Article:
Anticipating hardships from job-killing budget cuts


Just how vulnerable is your community to the severe budget cuts Minnesota’s Legislature is considering?

Putting community service cuts aside, we decided to look just at the job losses. Economic figures in Minnesota show that legislation calling for a five percent cut in state employment will spillover and result in 30,000 lost jobs in both the public and private sectors.

Because Ramsey County hosts much of state government’s activities—and big cuts there will have a detrimental ripple effect through the metro—we honed in on its workforce numbers, as tallied by the county’s Policy Analysis and Planning Office.

Mary Theresa Karcz, senior policy analyst for the county government tells us Ramsey County had 50,687 government jobs, or 16.1 percent of all 314,407 jobs in the county, as of 2010’s third quarter, the last period for which data are available.

Of those public sector jobs, the federal government had 3,596 employees (1 percent of total jobs). State government accounts for 24,889 employees (8 percent) and local governments—county and municipalities—account for 22,201 jobs (7 percent).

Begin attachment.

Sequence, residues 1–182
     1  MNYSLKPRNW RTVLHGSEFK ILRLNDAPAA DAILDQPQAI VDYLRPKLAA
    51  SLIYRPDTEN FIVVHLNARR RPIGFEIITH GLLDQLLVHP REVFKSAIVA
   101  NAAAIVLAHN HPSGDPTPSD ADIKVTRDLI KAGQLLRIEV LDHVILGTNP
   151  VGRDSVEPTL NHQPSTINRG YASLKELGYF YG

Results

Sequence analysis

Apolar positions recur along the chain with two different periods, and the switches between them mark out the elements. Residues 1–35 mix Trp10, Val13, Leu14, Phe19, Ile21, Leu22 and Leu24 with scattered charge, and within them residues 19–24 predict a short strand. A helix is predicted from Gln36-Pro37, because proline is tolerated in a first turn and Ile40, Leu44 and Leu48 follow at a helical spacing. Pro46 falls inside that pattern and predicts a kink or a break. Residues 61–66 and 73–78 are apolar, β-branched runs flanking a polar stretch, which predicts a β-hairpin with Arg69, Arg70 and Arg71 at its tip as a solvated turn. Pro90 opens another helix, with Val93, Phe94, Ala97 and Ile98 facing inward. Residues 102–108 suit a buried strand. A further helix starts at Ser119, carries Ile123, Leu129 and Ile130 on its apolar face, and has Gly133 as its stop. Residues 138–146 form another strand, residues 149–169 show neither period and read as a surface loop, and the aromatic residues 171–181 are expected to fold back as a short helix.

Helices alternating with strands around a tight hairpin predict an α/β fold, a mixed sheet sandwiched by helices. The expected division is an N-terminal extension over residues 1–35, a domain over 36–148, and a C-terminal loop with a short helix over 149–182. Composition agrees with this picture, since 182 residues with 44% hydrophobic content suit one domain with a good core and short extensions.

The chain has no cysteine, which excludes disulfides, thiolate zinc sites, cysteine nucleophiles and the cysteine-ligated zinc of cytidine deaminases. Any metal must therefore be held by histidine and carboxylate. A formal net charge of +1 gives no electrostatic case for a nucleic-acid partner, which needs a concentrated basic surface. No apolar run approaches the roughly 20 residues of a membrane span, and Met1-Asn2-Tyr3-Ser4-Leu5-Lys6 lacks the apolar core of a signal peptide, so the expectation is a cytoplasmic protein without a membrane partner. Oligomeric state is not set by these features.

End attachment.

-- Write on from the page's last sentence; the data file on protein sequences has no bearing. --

Public schoolteachers, staff and educational officials are second largest category, accounting for 30 percent of Ramsey County’s public sector jobs.

Not all these employees live in Ramsey County, of course. But with neighboring counties serving as homes to commuting public employees, Ramsey County and the metro area are certainly in danger of economic reversals if 5 percent or more of state employees are turned out of work in the next biennium.

Many of these positions are held by professional, well-educated people who own homes, pay local taxes, shop at local stores and support the entertainment and cultural activities that have made the Twin Cities a valuable place to live.

Wholesale losses of these jobs and fellow citizens should send shockwaves to business leaders and policymakers. An unbalanced approach to our state budget crisis that targets these middle class people and their purchasing power should be viewed as a serious threat to the state and local economies.

Perhaps saddest of all, this threat is sell-inflicted by lawmakers willing to sacrifice the many for the privileged few. These numbers serve as a reminder that we need a balanced approached to closing our deficit.